9:00 a.m.

Overview of Typical and Atypical Cognitive Development (Birth Through Young Adult) (PDF - 893 KB)
Charles A. Nelson, Ph.D.
Professor of Pediatrics, Harvard Medical School, and
Richard David Scott Chair in Pediatric Developmental
Medicine Research, Children's Hospital Boston

9:30 a.m.

Cellular and Molecular Neurobiology of Cognition
Alcino Silva, Ph.D.
Professor of Neurobiology, Psychiatry and Biobehavioral Sciences and Psychology, University of California, Los Angeles (UCLA), and Director, Center for Genetic Studies of Cortical Plasticity, UCLA

10:00 a.m.

Clinical Genetics and Cognition
Matthew State, M.D., Ph.D.
Harris Associate Professor of Child Psychiatry and Genetics,
Yale Program on Neurogenetics, Yale University

10:30 a.m.


10:45 a.m.

Brain Systems and Neural Correlates of Cognition
Beatriz Luna, Ph.D.
Associate Professor, Department of Psychiatry,
School of Medicine, University of Pittsburgh

11:15 a.m.

Intervention/Translational Research on Cognition (PDF - 323 KB)
Jack Fletcher, Ph.D.
Hugh Roy and Lillie Cranz Cullen Distinguished Professor, Department of Psychology, University of Houston

11:50 a.m.


12:30 p.m.

Generating the List of Key Scientific Opportunities

Small Groups I

Participants will be divided into small groups. Groups will be interdisciplinary and will not be defined on the basis of a single research theme, method, or discipline. The aim of these small group meetings will be to identify the most promising opportunities of the next decade in the areas of broadly defined cognition. Groups will be encouraged to think across traditional disciplinary boundaries to identify ambitious yet achievable opportunities. Group leaders will encourage participation from all members of the group. The goal of the session will be to compile a list of the major ideas. Group leaders will facilitate the compilation of the lists and will present the ideas to the larger group in the subsequent large group session.

2:30 p.m.


2:45 p.m.

Report by Small Group Leaders to the Large Group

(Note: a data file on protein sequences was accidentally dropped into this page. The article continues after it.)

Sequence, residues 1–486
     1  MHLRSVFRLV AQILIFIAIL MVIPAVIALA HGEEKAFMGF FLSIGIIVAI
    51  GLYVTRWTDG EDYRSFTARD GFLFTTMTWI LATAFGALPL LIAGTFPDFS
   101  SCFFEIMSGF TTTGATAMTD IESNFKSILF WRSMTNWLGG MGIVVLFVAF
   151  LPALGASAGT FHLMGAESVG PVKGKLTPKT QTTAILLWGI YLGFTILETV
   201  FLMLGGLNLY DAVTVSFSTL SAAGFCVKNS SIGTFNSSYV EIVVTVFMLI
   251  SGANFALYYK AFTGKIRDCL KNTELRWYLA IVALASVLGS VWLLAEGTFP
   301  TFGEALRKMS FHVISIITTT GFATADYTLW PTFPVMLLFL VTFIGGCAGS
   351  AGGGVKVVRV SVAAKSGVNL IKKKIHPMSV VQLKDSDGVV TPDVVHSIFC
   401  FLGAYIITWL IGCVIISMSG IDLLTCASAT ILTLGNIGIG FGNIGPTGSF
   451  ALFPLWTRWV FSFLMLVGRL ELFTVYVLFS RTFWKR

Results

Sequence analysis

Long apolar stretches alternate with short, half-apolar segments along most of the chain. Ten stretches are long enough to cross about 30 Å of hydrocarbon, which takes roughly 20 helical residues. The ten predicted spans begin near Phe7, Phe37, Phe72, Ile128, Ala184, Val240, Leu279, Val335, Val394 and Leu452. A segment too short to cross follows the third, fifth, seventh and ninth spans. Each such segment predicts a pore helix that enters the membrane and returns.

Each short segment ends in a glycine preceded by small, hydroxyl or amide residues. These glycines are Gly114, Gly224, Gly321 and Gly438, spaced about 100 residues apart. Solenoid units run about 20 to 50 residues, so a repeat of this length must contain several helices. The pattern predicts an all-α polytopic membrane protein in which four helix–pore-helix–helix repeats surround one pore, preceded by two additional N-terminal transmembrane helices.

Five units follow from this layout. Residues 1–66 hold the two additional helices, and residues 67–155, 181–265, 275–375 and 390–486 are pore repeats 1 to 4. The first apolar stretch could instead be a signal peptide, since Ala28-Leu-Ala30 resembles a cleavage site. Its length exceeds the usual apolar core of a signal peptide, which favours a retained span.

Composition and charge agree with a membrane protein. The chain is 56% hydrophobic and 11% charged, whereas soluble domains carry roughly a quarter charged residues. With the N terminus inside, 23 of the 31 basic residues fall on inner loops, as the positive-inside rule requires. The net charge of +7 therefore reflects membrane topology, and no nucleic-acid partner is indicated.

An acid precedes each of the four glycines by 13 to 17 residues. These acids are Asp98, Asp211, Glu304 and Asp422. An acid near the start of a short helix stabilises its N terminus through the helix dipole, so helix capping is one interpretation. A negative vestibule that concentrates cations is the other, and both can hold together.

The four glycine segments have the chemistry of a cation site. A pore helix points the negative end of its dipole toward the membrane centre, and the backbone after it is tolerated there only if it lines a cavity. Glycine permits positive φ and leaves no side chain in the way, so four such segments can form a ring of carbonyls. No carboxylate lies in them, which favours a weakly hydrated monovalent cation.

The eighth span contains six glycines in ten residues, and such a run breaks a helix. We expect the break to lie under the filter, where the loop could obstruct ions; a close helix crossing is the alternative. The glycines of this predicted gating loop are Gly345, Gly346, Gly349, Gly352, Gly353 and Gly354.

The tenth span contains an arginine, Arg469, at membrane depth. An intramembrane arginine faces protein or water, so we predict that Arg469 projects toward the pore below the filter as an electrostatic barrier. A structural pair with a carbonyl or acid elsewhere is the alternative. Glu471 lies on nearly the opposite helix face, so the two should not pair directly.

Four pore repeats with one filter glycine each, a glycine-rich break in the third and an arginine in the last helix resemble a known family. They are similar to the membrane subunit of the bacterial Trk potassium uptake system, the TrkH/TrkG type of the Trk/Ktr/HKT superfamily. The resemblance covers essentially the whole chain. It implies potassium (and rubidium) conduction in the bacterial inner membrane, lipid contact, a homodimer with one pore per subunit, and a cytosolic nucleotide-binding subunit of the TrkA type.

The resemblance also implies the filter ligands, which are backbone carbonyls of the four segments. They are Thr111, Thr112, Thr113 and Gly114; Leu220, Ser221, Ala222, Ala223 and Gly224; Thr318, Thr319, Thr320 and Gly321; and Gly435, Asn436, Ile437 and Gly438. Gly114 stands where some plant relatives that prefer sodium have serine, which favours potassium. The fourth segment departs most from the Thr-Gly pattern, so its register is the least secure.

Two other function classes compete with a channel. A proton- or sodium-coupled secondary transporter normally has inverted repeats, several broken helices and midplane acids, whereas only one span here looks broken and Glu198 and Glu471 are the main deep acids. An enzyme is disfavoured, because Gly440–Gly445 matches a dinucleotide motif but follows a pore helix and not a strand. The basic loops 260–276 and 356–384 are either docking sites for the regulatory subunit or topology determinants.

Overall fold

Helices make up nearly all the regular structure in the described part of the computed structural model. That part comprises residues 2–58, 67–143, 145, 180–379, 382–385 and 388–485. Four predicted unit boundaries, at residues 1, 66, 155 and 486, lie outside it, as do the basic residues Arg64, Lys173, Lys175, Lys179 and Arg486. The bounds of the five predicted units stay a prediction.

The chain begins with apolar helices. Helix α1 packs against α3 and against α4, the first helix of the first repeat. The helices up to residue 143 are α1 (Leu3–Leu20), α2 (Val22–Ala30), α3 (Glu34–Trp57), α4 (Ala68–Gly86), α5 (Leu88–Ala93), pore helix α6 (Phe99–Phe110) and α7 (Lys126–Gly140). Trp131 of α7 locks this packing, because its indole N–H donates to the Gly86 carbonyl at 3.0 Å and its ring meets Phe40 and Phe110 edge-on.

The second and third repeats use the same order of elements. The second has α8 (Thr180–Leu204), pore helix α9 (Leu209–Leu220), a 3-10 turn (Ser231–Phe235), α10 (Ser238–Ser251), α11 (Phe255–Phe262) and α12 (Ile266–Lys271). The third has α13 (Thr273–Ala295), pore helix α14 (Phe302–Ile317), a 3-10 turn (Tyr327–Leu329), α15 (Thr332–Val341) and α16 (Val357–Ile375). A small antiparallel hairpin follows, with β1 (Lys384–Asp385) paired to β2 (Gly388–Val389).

The aim of this large group session is to communicate to the larger group the ideas that were generated by each small group and to compile a list of all the ideas.

3:45 p.m.

Large Group Discussion

This large group session will aim to identify important themes, areas of overlap, and gaps. The goal is to organize the ideas generated by the small groups for tomorrow’s sessions.

6:00 p.m.

Working Dinner

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7:45 a.m. Breakfast

8:15 a.m.

Review of Agenda

8:30 a.m.

Developing Scientific Opportunities

Small Groups II

The aim of these small group meetings is to flesh out the promising scientific opportunities in greater detail, building upon the framework developed at the working dinner. The small groups will want to complete their answers to the questions posed for each scientific opportunity as outlined above.

10:30 a.m.


10:45 a.m.

Presentation of the Results of Small Group Discussion by Group Leaders II to the Large Group

The goal of this session will be to present the results of the work of the small groups in developing promising scientific opportunities in greater detail.

12:30 p.m.


2:00 p.m.

Large Group Discussion II

The goal of this discussion is to review the results produced by the group in order to critique the work of the participants for completeness, feasibility and potential importance, and whether or not the main aspects of these ideas have been fully articulated in the discussion.

4:00 p.m.


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Last Reviewed: 04/04/2011